Goldfish are most comfortable at room temperature—or a temperature that feels comfortable for you. The water should not be too warm nor too cold, and it can be maintained with an aquarium heater. A heater can also be beneficial in cold temperatures to treat or prevent certain diseases.

Although goldfish can handle temperature fluctuations, they do best with a staple temperature. A heater can be used to achieve this if the room temperature constantly drops below 60 degrees Fahrenheit.

The ideal temperature for goldfish is between 64 to 75 degrees Fahrenheit, and you can let the temperature gradually drop by 1 or 2 degrees at night.

5. Goldfish Have Short Memories

common goldfish in aquarium
Image Credit: Piqsels

Goldfish do not have short memories and they can remember things quite well. A common myth you might hear about goldfish is that they have a 3 or 5-second memory. This is not true and has been proven to be false by various studies.

Goldfish memory is more complex than previously believed, and they can remember things for months and even years depending on how important the memory is to them. It has been found that goldfish brains have ependymins, which are a type of glycoprotein in the brain’s cytoplasm responsible for forming long-term memories.

Goldfish can remember both positive and negative situations, especially ones that impact their survival.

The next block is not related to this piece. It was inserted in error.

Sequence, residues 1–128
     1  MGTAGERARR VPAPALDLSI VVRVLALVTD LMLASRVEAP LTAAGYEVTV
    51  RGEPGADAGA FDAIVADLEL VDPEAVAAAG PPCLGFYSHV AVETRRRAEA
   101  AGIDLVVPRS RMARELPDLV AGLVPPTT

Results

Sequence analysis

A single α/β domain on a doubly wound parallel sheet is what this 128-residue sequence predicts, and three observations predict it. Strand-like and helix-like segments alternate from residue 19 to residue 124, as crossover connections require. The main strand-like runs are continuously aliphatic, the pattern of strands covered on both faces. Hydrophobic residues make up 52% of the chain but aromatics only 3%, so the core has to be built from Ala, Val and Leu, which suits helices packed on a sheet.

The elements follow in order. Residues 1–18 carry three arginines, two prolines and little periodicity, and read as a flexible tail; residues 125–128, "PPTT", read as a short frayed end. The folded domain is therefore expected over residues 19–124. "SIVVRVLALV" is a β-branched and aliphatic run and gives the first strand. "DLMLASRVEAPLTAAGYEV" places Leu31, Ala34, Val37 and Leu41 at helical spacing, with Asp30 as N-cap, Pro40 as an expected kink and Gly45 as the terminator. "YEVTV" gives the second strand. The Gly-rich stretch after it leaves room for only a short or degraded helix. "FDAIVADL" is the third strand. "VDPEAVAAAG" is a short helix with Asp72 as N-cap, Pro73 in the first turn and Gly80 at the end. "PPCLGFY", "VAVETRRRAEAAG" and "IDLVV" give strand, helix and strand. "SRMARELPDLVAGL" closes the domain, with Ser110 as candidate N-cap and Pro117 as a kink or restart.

6. Stunting Is Healthy for Goldfish

Smaller aquariums that do not offer your goldfish much space can impair their growth. However, other environmental factors play a role in goldfish stunting, such as diet, disease, genetics, and water chemistry.

Stunting, better known as “impaired growth,” is not normal nor healthy for goldfish. A goldfish’s growth should not purposefully be restricted to keep them small and able to live in bowls and other small aquaria for the rest of their life.

This can be detrimental to goldfish, as impaired growth can affect their reproduction, metabolism, skeletal formation, and muscles. Goldfish that have restrictive growth may look abnormal if they manage to survive in these conditions for a few years. They may have muscle wastage and protruding spines, and generally, look unproportionate in comparison to goldfish that do not have restricted growth.